I’ve always hated sports. At the same time, I’ve always been jealous of people who were good at them because they seemed so damn perfect. So, after another low point of watching Netflix and stuffing myself with Walkers Max, I decided I could either start running every morning or keep wallowing. I chose running.

I didn’t think it would have any effects on anything other than my health. And for the first two weeks, it didn’t. But the longer I kept doing it, even when it was hard and I wanted to quit, the more I started to enjoy it. And I started to get better at it.

Running taught me two things. Firstly, that I am not a quitter, which I had always thought I was. And secondly, that tough stretches result in growth. Those lessons changed the way I saw myself and made me confident enough to take on new projects.


3. I Started a Gratitude Journal


I have always found it hard to get behind the spiritual stuff. I have tried meditation (and I keep trying!), but I find it hard to sit still for more than five minutes. I do yoga, but mostly because it makes my body feel good, I don’t particularly care about my third eye. So, I was also skeptical about gratitude practice, but I thought I’d give it a go.

For months, I sat down before bed every night and wrote down five things I was grateful for. And after a couple weeks, I started noticing how, during the day, I would make music or sit down for lunch or talk to a friend, and make a mental note to be grateful. That warm feeling of content started expanding from my diary pages into my life, and instead of beating myself up for things I didn’t have or hadn’t accomplished, I started thanking the universe for giving me so much. It’s easy to doubt and even hate yourself for what your life lacks, but it is even easier to love the abundance in it.


4. I Took Time to Remember What Mattered


In December last year, I organised an EP release show. I didn’t have any particular reason to do so, other than because everyone else was doing it. It was an extremely stressful process, and in three months time, I had barely got any sleep. The show went well, and I was ecstatic and proud for about two hours, and then it was over and everyone went home. After the release show, I asked myself why I had even bothered putting it on. I got into music so that I could live passionately, doing something I loved. And here I was, doing something I had never planned to do, mindlessly following in other people’s footsteps, so I could tell myself I was doing just as well as my friends.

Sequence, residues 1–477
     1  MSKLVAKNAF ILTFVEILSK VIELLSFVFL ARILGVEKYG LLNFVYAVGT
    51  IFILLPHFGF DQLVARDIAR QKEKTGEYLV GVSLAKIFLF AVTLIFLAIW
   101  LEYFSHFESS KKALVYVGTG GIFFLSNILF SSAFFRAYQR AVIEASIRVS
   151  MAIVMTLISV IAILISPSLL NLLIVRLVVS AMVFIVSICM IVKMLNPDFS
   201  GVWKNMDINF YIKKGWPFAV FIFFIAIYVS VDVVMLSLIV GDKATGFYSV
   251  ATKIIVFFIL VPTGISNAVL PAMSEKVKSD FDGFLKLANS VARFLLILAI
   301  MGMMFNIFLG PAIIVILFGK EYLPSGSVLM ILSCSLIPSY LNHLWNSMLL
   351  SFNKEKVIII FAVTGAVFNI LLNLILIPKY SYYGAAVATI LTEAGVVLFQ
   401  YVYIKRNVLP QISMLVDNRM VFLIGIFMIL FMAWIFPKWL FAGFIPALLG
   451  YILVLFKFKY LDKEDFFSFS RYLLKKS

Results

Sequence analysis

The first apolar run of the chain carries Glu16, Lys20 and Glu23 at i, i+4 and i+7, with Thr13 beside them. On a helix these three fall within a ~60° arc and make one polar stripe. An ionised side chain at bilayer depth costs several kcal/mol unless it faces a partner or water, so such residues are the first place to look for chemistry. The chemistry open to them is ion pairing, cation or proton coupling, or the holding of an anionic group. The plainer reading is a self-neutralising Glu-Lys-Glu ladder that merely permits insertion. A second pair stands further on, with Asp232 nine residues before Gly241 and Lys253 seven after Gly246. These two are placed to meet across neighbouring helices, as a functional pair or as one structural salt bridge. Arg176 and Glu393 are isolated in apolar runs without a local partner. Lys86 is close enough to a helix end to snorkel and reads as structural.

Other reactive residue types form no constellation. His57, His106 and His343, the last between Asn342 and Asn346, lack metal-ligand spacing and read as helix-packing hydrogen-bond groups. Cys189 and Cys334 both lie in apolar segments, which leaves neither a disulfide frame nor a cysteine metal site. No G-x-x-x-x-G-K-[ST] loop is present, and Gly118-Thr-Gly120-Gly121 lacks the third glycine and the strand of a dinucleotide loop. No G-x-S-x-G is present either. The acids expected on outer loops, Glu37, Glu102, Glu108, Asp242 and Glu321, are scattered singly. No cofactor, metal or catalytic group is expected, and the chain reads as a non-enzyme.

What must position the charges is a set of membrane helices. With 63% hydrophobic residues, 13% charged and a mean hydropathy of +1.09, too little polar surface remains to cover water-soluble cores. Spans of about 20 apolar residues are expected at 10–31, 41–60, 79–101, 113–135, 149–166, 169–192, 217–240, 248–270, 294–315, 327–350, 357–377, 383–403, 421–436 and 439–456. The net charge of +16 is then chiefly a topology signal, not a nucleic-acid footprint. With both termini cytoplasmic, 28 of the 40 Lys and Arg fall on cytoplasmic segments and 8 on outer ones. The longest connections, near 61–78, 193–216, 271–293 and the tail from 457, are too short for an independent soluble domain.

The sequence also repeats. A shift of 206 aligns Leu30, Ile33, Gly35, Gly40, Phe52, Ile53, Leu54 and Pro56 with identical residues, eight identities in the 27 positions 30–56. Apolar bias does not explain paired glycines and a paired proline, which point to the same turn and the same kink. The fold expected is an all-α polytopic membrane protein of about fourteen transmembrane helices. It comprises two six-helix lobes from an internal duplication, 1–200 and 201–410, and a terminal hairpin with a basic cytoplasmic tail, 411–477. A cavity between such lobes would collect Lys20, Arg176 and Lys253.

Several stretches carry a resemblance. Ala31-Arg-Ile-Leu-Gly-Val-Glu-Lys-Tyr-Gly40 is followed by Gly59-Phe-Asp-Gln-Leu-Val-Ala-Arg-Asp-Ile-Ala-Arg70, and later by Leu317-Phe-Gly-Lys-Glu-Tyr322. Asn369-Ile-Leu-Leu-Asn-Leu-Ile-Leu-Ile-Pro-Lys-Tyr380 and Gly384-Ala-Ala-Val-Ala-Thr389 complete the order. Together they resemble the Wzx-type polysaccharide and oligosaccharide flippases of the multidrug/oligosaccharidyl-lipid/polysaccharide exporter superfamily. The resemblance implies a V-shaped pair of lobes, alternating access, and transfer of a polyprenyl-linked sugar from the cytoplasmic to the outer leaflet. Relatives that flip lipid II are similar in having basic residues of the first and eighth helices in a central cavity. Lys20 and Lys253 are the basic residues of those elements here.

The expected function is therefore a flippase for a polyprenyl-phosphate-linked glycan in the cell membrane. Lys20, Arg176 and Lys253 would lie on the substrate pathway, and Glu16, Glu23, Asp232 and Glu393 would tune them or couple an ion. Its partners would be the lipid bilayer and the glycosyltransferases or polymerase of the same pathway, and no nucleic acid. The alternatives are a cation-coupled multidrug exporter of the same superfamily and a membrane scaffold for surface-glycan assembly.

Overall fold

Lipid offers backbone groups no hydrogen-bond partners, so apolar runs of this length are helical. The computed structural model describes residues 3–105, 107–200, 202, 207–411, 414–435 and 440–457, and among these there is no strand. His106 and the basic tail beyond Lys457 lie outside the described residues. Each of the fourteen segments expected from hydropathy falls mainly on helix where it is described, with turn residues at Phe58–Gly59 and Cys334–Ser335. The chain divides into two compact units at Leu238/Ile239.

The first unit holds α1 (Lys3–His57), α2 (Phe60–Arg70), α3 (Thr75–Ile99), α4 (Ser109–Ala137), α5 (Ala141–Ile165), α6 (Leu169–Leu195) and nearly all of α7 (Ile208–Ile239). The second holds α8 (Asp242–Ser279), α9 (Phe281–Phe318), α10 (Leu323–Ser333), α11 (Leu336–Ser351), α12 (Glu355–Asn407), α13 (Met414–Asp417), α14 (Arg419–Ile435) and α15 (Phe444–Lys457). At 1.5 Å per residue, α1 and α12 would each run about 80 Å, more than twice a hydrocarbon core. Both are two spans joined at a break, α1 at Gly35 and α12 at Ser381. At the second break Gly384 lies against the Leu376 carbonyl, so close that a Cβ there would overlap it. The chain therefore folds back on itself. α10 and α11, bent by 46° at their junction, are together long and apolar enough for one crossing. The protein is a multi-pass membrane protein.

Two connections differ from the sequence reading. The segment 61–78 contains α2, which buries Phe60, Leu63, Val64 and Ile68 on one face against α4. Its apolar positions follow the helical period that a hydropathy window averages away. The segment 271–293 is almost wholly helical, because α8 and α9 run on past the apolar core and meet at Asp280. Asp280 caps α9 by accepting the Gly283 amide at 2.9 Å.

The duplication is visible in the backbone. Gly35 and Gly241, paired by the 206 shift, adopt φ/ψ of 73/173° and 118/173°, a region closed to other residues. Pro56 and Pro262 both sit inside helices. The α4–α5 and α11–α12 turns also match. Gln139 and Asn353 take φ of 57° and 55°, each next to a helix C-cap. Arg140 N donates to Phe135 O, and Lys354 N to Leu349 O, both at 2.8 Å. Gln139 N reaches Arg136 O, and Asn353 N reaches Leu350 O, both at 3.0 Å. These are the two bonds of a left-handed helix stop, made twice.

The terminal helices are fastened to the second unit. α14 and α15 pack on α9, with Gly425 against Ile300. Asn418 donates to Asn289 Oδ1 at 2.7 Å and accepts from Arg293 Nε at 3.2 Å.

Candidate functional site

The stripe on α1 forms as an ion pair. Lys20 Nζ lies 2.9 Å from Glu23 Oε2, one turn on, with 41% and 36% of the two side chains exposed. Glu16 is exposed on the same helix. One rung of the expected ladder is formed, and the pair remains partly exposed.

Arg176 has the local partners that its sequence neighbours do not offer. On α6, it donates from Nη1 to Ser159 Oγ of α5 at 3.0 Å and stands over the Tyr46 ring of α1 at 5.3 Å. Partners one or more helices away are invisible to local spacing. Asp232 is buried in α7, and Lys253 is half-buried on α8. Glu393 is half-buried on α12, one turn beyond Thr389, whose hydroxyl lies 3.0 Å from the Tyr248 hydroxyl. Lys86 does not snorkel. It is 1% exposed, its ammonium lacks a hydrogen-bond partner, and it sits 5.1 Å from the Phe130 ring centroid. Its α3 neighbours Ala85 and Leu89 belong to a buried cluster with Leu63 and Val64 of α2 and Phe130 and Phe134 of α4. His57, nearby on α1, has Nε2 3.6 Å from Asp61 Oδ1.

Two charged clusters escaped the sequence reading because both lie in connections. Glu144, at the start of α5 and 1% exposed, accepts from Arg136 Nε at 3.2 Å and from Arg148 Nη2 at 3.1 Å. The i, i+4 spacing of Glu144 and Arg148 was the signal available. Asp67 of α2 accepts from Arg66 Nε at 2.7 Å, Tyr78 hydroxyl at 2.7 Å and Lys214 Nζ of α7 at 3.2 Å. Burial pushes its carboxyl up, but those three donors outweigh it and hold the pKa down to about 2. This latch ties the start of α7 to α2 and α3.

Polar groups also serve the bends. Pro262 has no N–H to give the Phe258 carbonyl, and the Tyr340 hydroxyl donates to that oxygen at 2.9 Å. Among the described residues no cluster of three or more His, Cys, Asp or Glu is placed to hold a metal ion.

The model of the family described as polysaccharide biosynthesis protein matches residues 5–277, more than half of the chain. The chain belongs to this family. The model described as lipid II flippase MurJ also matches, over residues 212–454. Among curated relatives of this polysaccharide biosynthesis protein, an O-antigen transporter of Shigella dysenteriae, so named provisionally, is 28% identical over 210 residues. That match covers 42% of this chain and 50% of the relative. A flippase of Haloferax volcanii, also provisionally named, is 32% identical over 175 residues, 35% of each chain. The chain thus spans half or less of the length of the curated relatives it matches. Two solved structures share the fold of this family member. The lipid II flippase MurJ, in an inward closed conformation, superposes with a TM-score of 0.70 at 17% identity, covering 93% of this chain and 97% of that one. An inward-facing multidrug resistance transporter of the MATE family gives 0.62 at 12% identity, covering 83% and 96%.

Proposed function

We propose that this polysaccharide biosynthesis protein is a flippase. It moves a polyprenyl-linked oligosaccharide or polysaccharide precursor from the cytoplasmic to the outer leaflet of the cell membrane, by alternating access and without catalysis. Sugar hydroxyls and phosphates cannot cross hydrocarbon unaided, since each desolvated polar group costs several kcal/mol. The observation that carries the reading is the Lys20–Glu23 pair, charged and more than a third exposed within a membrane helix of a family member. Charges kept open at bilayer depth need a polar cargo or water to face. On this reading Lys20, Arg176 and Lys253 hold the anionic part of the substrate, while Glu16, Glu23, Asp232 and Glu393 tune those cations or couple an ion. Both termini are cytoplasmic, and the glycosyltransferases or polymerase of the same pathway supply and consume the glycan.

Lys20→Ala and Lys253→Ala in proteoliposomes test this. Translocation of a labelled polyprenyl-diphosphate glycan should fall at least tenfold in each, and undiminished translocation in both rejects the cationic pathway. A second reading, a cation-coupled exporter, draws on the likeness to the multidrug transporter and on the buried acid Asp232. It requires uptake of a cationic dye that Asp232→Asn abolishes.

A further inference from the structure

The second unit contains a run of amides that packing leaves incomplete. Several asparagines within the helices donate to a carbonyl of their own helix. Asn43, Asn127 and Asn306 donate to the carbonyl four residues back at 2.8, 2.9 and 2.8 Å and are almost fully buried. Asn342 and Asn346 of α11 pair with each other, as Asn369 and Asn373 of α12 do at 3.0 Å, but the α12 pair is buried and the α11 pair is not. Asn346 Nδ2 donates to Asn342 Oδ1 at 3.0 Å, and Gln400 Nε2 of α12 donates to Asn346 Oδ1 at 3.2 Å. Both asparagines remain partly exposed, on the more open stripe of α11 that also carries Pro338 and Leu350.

Over Christmas, I made a list of things that mattered to me – what brought me joy, why I was making music, what life I wanted to live. Sometimes, life goes so fast that, without noticing, we adopt other people’s dreams as our own and try to achieve milestones we don’t care about and then beat ourselves up about failing at something we never wanted in the first place.

When I wrote out my list, I noticed that I was doing much better at what I wanted to do than I had thought while comparing myself to others. At the same time, I noticed that I could cut out a lot of miscellaneous stuff I was doing that was not serving me (like obsessing over my Instagram account) and use that time for things I enjoy (like writing spoken word). Now, I make lists like that every once in a while to check in with myself.


5. I Redefined What Success Meant to Me


When I first started studying music, I didn’t have many expectations – I wanted to write songs, have a good time, maybe learn something. But being surrounded by so many talented people made me want more. I started craving recognition, bigger venues to play in, more followers, and streams on Spotify. Whenever my expectations were left unfulfilled, I felt like a failure.

Over the last year, I started unearthing that person I was before I went to a music university (here’s a blog post on what helped me to figure out what mattered to me) – the one who thought that being able to make music was in itself successful, who believed that success didn’t lie in money, fame, or Instagram. The one who believed that success was doing whatever makes you happy.

After I made my list with priorities over Christmas, I decided I needed to allow myself more time to do the things I loved. And if I managed to get through the day with a smile on my face, I would think myself successful. After that, I did my first spoken word open mic, travelled to Budapest, and dyed my hair pink. Doing those things made me feel alive, present, and, ultimately, confident. Being successful is not about material things, it’s about living your best life. So, live a little.